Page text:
Underwriting provided by:
The Laura Moore Cunningham
Foundation

Western Heritage Historic Byway

The Western Heritage Historic Byway begins in Meridian, Idaho and heads south for almost fifty miles. Less than ten miles down Highway 69 travelers reach historic Kuna. This area was first used by Native Americans who camped along what's now called Indian Creek. In 1882 the Oregon Short Line Railroad arrived paving the way for later development. The town's Pioneer Cemetery honors the early settlers in the region.

South of Kuna is the Morley Nelson Snake River Birds of Prey National Conservation Area. In fact, almost half of the byway runs through the Birds of Prey NCA. It was established in 1993 and protects 600,000 acres of high desert and canyon. The area is home to the largest concentration of nesting birds of prey in North America, including hawks, eagles, falcons, osprey and owls.

As they work their way to the Snake River Canyon, drivers can stop at Initial Point. This volcanic butte was the starting point for surveyors who mapped the entire state in 1867. Every location in Idaho is measured by its distance and direction form a marker on the butte. You can hike to the top for a great view of the Snake River Plain.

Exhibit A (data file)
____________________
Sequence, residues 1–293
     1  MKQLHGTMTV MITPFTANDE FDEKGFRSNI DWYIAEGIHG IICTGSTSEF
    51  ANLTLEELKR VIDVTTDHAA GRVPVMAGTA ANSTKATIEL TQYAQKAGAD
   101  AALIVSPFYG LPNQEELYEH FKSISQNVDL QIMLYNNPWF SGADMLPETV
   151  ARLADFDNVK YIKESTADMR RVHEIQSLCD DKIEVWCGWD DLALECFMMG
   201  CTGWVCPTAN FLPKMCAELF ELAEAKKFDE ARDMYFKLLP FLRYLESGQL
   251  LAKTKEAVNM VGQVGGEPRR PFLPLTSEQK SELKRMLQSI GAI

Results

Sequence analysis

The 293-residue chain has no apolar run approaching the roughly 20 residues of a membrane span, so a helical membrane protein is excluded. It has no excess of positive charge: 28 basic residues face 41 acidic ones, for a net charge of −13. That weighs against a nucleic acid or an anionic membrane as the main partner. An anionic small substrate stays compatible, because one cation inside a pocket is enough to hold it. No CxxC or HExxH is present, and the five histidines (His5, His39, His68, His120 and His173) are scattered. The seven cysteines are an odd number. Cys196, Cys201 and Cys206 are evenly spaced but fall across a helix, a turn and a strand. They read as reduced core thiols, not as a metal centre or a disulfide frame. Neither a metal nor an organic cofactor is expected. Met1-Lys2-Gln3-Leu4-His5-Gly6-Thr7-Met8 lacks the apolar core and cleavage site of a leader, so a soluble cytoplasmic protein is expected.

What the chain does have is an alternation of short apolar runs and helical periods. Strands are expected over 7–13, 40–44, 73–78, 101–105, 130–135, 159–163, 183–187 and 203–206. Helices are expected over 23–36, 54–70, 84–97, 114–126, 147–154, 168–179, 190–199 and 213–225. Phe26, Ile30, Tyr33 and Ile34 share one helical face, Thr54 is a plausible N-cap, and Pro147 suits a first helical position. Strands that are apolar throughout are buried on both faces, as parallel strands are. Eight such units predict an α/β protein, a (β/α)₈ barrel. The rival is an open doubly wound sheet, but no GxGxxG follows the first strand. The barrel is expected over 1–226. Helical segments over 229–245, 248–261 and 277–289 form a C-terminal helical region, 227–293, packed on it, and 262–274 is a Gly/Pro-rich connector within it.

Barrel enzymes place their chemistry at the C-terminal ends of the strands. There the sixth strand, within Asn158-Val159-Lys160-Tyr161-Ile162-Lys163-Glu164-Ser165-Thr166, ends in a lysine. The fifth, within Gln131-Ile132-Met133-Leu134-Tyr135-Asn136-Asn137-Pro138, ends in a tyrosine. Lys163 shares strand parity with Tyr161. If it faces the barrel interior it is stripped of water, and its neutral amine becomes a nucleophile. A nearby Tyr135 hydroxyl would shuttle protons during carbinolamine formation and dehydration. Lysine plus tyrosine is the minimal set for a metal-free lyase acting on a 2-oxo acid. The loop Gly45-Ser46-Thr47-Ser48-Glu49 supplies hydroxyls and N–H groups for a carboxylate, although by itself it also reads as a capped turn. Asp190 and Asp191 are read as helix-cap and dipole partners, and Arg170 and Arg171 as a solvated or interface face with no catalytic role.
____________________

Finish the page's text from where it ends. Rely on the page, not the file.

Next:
Another great vista is available at Dedication Point further down the byway. This point provides a great view of the Snake River Canyon. It's also a good place to look for birds of prey, especially in the spring. Just around the corner the Snake River Canyon Overlook gives visitors another dramatic view of this impressive area. Incredible volcanic activity and the massive Lake Bonneville flood shaped the canyon you see today.

From the overlook you can drive down to the Swan Falls dam, the oldest hydroelectric project on the Snake River. The old dam power plant built in 1901 was replaced in the 1990s but is still in use as a museum. If you want to do some hiking through this area, the 12 mile long Canyon River Trail runs between Swan Falls Dam and Celebration Park along the Snake River.